Corporate Social Responsibility

Benefiting Both Your Business and the Community

Make corporate involvement strategic.

© iStockphoto/CharlesTaylor

Today's societies often ask more from major corporations than simply making a profit and paying taxes.

There's a general expectation that companies should do their best to trade fairly, uphold human rights, and protect the environment. And the focus is not just on big corporations: small companies are often asked to support local causes and play their part in community development.

So, how can a business manage these expectations, but benefit its bottom line as well? A successful Corporate Social Responsibility (CSR) strategy can help.

Understanding CSR

No company exists by itself in a vacuum. Every business operates in society, whether on a global or local scale. Its impact and behavior – ethical, social, economic, and environmental – are open to examination and criticism, typically from politicians, the media, and other campaigners, as well as from its own customers.

Corporate history is full of examples of companies that have suffered commercially because they've behaved in ways that are unacceptable to the public. Clothing manufacturers have been damaged by the discovery of child labor in their supply chains, while oil companies have been charged with environmental damage and complicity with human rights abuses. And, of course, there have been many recent accusations (some devastating) that the financial houses of Wall Street and the City of London do not perform any "socially useful" activity.

These cases show the kinds of risk to reputation that can be associated with an organization's business activity. CSR helps manage such risk. It's not just about charitable giving or philanthropy. Effective CSR is about strategically positioning a company in society so that it can actually take advantage of public concerns, like poverty or global warming, rather than be damaged by them.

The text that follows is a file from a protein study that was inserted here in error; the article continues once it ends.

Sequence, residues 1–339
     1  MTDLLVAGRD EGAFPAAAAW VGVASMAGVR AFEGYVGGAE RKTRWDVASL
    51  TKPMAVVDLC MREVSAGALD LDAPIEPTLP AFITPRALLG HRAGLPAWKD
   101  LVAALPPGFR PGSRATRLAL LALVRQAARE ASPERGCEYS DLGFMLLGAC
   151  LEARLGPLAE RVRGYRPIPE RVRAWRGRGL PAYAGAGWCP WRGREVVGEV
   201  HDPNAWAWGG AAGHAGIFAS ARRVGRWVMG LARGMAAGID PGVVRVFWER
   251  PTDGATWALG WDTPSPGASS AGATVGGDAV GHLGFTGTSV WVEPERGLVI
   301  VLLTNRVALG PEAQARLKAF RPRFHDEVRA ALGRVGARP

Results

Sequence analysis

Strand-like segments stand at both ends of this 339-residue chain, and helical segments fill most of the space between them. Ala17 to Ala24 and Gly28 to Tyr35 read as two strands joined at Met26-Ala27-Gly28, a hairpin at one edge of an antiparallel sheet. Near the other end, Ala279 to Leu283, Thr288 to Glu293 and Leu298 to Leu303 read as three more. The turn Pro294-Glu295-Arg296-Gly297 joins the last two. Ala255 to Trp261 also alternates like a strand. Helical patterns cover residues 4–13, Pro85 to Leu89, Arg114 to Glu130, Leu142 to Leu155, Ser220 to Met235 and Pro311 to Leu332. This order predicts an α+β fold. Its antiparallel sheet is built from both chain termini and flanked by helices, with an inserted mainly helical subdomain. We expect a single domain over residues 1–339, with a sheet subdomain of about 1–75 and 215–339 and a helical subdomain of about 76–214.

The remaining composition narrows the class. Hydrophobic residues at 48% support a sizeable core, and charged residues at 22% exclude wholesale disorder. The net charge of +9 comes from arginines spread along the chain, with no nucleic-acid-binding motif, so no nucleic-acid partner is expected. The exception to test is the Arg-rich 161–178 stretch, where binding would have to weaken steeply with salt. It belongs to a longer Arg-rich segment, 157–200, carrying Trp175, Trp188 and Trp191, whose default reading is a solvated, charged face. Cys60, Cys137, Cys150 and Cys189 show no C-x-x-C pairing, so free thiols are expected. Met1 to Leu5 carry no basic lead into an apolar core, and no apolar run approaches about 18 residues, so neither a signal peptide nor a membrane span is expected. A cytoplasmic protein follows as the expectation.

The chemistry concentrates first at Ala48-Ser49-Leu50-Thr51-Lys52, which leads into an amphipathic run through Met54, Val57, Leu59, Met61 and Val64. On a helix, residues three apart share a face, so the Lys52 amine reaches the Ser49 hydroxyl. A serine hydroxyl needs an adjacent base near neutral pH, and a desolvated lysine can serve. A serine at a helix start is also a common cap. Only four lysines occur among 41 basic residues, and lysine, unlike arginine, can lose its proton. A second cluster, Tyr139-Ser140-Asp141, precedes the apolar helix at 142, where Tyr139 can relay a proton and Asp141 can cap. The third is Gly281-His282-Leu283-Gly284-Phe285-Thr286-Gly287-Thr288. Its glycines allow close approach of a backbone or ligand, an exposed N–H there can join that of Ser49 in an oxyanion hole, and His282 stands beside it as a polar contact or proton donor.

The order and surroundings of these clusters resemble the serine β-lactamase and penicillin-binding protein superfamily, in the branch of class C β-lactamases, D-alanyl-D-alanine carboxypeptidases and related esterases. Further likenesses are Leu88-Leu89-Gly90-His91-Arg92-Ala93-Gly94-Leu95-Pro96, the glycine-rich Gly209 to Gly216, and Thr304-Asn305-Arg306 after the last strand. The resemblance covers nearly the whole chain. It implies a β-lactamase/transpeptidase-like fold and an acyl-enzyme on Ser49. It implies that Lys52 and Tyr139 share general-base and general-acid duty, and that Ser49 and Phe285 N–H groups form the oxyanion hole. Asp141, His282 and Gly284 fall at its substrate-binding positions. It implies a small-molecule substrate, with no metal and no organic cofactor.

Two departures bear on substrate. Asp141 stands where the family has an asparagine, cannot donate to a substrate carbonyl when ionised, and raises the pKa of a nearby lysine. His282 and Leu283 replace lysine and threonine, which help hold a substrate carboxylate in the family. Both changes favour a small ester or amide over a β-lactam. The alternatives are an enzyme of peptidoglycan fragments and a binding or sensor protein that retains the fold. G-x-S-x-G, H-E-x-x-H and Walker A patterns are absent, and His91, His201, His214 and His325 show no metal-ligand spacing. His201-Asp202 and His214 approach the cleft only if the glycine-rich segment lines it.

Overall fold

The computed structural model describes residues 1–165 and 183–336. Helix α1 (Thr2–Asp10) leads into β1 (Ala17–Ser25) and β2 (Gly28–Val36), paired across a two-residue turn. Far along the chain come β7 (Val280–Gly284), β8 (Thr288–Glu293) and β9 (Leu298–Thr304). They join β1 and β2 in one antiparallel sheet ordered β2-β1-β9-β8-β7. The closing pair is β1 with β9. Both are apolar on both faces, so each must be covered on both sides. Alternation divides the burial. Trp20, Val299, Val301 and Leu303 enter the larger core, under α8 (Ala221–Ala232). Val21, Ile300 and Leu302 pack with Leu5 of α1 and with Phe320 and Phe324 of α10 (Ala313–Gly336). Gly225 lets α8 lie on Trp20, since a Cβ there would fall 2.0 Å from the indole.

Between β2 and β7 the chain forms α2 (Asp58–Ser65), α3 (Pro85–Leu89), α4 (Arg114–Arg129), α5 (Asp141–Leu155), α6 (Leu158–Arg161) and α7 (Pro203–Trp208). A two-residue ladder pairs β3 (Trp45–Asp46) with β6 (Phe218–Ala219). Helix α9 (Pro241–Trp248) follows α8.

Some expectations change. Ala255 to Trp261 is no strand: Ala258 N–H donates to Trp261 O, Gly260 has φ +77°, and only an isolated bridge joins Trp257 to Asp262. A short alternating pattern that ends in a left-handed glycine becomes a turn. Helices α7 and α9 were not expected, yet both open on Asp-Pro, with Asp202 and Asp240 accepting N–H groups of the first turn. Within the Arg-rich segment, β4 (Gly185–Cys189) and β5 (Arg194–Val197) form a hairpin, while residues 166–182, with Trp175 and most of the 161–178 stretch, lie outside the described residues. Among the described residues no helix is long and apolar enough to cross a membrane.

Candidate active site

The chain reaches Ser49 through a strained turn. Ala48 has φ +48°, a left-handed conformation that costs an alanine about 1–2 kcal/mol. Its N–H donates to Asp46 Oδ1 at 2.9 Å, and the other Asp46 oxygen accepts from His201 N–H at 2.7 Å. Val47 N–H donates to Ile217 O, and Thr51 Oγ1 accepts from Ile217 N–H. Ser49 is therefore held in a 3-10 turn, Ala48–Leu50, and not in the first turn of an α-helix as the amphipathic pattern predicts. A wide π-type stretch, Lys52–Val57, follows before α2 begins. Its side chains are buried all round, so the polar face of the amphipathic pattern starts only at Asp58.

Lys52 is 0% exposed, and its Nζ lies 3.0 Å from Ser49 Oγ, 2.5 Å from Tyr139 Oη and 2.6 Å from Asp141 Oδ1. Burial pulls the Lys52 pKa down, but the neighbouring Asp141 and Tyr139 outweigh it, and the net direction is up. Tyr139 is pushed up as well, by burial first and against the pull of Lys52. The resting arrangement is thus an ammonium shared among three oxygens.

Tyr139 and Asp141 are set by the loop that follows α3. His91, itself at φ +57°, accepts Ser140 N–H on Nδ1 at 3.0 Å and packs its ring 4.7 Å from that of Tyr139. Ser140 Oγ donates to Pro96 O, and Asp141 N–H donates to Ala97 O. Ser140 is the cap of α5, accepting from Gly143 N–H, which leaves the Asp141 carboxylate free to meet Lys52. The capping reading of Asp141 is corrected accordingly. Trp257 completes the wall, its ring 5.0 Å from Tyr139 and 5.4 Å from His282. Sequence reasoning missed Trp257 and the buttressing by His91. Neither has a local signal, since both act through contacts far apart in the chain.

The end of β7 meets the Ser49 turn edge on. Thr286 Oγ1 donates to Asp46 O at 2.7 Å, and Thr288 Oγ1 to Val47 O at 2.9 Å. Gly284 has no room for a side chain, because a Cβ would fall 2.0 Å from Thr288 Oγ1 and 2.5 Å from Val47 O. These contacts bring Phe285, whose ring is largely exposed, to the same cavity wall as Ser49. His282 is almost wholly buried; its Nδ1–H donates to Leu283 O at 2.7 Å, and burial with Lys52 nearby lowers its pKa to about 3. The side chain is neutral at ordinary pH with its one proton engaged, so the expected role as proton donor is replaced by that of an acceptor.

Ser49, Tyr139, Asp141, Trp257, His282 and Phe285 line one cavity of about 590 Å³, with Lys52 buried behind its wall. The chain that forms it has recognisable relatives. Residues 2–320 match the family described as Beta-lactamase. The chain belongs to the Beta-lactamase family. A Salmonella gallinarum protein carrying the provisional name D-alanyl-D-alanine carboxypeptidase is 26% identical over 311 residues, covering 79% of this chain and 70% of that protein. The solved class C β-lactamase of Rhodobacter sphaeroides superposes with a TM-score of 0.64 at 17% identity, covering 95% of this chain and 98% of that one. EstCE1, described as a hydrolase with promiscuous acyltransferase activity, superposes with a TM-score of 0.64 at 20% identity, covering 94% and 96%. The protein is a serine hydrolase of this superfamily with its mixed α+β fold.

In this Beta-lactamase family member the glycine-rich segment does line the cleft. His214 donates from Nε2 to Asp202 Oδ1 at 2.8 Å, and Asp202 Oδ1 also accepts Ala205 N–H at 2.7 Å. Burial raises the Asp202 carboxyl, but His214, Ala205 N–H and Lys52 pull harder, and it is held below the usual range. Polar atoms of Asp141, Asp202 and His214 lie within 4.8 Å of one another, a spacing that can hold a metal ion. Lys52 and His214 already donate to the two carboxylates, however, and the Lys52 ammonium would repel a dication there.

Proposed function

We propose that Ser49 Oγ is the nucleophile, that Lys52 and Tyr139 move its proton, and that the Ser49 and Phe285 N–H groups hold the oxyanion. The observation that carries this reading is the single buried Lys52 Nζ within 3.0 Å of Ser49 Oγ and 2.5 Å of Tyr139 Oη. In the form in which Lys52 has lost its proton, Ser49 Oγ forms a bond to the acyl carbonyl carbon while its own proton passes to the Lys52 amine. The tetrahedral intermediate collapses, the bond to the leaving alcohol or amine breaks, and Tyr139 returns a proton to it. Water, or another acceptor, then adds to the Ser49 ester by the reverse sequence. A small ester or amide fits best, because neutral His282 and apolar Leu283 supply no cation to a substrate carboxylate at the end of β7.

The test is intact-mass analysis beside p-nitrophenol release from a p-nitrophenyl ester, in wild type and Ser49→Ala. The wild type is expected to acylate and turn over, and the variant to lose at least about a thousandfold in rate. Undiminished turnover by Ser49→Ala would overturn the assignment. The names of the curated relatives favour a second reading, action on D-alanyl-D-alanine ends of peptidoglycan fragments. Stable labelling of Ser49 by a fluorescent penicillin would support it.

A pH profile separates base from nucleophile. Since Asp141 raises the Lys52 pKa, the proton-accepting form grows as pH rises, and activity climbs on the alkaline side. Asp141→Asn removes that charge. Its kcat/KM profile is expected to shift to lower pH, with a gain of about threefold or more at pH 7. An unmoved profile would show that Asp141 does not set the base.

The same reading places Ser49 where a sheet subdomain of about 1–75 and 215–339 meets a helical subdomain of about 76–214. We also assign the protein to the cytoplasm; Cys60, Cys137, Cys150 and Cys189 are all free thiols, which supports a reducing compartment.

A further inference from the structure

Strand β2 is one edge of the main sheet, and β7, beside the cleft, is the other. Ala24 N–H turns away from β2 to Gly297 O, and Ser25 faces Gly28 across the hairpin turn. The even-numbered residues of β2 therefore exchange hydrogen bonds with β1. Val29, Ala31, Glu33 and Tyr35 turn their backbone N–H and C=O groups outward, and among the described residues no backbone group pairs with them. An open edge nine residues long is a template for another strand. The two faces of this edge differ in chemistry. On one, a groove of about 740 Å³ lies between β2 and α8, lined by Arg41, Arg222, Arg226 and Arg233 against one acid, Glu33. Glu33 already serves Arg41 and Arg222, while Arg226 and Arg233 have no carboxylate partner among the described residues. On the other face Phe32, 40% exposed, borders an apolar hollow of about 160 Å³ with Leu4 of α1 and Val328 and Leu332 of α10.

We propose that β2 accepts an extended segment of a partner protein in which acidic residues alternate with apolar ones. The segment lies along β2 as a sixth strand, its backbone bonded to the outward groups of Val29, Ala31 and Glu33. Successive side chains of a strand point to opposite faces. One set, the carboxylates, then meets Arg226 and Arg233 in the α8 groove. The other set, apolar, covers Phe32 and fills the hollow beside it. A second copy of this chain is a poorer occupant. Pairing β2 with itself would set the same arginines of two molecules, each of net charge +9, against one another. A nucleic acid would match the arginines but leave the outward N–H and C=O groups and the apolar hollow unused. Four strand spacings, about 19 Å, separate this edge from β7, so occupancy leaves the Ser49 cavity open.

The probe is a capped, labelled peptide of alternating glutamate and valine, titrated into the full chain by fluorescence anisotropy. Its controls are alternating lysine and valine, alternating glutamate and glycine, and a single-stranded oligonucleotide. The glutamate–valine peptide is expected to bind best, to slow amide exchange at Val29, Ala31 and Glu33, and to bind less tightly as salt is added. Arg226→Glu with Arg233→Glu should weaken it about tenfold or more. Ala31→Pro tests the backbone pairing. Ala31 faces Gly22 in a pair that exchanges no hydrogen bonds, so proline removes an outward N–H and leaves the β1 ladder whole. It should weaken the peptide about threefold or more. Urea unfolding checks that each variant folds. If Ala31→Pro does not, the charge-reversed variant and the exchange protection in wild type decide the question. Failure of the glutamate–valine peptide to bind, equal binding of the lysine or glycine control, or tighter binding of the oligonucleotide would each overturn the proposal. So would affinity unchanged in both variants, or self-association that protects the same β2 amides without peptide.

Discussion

A company's CSR program needs to consider...

... for the complete article:

Mind Tools Club members, click here.

Join the Mind Tools Club to finish this article AND get 1,000 more resources

Join now for just $1, first month

"When I started using Mind Tools, I was not in a supervisory position. Now I am. Along with that came a 12% increase in salary." – Pat Degan, Houston, USA
Add this article to My Learning Plan

Where to go from here:

Join the Mind Tools Club

Click to join Mind Tools
Printer-friendly version
Return to the top of the page

Create a Login to Save Your Learning Plan

This ensures that you don’t lose your plan.


Connect with…

Or create a Mind Tools login. Existing user? Log in here.
Log in with your existing Mind Tools details
Lost Username or Password
You are now logged in…

Lost username or password?

Please enter your username or email address and we'll send you a reminder.

Thank You!

Your log in details have been sent to the email account you registered with. Please check your email to reset your login details.

Create a Mind Tools Login
Your plan has been created.

While you're here, subscribe to our FREE newsletter?

Learn a new career skill every week, and get our Personal Development Plan workbook (worth $19.99) when you subscribe.


Thank You!

Please check your Inbox, and click on the link in the email from us. We can then send you the newsletter.